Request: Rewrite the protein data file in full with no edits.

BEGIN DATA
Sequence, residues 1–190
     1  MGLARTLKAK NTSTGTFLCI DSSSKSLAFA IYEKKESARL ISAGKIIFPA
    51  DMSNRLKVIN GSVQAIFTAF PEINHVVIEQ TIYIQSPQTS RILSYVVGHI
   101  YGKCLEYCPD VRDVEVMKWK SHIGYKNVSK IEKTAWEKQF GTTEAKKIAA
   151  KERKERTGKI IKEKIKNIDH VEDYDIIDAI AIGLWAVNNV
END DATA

Sequence, residues 1–190
     1  MGLARTLKAK NTSTGTFLCI DSSSKSLAFA IYEKKESARL ISAGKIIFPA
    51  DMSNRLKVIN GSVQAIFTAF PEINHVVIEQ TIYIQSPQTS RILSYVVGHI
   101  YGKCLEYCPD VRDVEVMKWK SHIGYKNVSK IEKTAWEKQF GTTEAKKIAA
   151  KERKERTGKI IKEKIKNIDH VEDYDIIDAI AIGLWAVNNV